One of the first things that stood out when I read through the 4th Edition Dungeon and Dragons DM’s Guide was the section entitled “The D&D World”. This is the section where the designers outline the core assumptions upon which 4E was built and explain the points of light concept. I have always thought this would make a good framework to introduce players to a particular sandbox game by providing them with the core assumptions they can hold about the game world.
So with the regular game winding down for the holiday season I thought I would take the opportunity to work on some gamemaster stuff. One of the reasons I’m doing this is because I feel the game has begun to derail and I wanted to refine the campaign to tell the stories I feel comfortable GMing. So without further ado here are the core assumptions for my game.
The game is set in Seattle – a city filled with apathetic wageslaves, dark skyscrapers and flickering AR signs. The character’s stories begin and end in the streets, slums and bars of Seattle and any characters venturing outside the city limits are off-screen, their actions not important to the story being told.
The characters are outside normal society and must work within the confines of a crime-filled, bloody world. The characters may have chosen this life for themselves or had it forced upon them. Either way they must find a way to survive.
Stories are told at night. The characters work in the shadows and darkness because the daylight reveals their crimes for what they are – a desperate attempt to struggle free from the poverty and crime they’re surrounded by. The daytime is for innocent wageslaves who know nothing about the world beyond their corporate enclaves. If your character is awake during the day expect to be popping longhaul and fatigued from the night before.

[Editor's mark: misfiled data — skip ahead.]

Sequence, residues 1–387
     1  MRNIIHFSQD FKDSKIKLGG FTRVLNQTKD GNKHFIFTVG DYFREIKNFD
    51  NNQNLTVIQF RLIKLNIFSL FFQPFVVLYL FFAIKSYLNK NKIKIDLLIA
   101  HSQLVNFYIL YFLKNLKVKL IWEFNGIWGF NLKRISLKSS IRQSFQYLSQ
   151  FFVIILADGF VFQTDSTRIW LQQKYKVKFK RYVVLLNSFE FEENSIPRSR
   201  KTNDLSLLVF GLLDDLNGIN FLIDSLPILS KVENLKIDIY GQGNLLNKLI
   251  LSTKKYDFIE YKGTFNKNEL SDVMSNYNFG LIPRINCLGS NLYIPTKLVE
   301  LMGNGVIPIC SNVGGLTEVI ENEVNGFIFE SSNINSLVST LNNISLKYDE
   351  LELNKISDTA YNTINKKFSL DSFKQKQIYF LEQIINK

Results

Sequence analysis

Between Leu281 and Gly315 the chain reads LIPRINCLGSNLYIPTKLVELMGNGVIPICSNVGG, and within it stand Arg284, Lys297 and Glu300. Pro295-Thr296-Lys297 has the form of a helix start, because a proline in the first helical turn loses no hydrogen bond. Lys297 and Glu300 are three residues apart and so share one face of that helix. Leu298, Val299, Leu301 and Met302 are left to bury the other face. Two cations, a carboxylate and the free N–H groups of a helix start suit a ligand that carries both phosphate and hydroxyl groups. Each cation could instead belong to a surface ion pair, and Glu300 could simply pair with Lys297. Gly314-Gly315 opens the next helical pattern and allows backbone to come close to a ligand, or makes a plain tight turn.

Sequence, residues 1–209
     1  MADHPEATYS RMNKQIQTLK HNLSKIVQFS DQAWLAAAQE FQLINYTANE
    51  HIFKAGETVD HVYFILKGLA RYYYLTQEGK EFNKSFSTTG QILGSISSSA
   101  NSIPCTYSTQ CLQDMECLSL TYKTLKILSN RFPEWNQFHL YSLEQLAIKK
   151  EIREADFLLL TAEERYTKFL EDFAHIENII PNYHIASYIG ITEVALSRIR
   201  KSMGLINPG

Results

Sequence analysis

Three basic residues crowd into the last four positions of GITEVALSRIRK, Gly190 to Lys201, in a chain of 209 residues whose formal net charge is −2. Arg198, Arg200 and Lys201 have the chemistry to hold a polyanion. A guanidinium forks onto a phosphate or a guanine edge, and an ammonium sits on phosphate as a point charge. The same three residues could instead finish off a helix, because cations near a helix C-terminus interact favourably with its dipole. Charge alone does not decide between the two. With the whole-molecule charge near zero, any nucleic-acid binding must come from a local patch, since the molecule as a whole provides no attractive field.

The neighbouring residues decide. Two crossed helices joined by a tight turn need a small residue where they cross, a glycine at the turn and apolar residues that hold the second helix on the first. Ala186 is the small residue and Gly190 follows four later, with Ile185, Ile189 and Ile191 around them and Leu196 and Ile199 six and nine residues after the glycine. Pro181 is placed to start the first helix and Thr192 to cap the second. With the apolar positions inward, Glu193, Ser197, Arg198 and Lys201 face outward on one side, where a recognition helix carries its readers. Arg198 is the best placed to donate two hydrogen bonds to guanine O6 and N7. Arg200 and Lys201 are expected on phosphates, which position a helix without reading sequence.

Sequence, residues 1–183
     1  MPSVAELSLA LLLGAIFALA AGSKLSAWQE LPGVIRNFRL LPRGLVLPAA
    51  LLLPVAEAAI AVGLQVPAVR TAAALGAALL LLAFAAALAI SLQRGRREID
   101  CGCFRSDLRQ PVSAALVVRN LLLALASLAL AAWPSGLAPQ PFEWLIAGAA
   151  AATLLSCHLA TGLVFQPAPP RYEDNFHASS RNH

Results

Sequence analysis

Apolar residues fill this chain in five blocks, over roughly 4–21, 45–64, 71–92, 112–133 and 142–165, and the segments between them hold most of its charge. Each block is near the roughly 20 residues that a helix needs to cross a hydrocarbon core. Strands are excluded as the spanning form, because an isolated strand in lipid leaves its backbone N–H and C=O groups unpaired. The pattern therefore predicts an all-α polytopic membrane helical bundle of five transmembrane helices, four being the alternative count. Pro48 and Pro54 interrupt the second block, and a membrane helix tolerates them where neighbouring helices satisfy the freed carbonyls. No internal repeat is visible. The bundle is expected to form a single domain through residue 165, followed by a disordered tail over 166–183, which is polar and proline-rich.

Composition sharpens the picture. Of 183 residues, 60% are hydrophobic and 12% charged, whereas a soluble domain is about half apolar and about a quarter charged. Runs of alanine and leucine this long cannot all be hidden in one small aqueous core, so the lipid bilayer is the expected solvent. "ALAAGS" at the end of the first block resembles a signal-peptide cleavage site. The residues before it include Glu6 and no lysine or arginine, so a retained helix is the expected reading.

The game is styled on Film Noir. Investigations, heists and con games are set across a backdrop of cigarette smoke-filled bars, nightclubs and gambling dens. The world at large is bleak, defeatist, and pessimistic. Nobody gets what they want, and everyone gets what’s coming to them. Everyone is armed but not with assault rifles and cannons but with revolvers, shotguns and submachine guns.
Your character’s victories will be pyrrhic. Characters and their friends will be hurt or killed and you may never be truly sure you succeeded at all. Your characters are forced to make choices between corrupting themselves or turning into a true villain. There will never be a good choice – something dear to you must always be sacrificed.
The law is corrupt and amounts to little more than useless, salaried bullies. This makes the way for private detectives to play the good guy but in the end the law bankrupts all – from the temptations of law enforcement to the credsticks of all but the most powerful of criminals.
My games are definitely not the pink mohawk variety but they aren’t a black trench coat game either. Instead they are set in a world where the players are forced to commit armed robbery, car theft and murder to pay the month’s rent. There is no glamor in these things and there is often little pay forcing the characters to repeat the cycle. As I once said to one of my players “I don’t want to kill your character, I want him to eat his own gun.”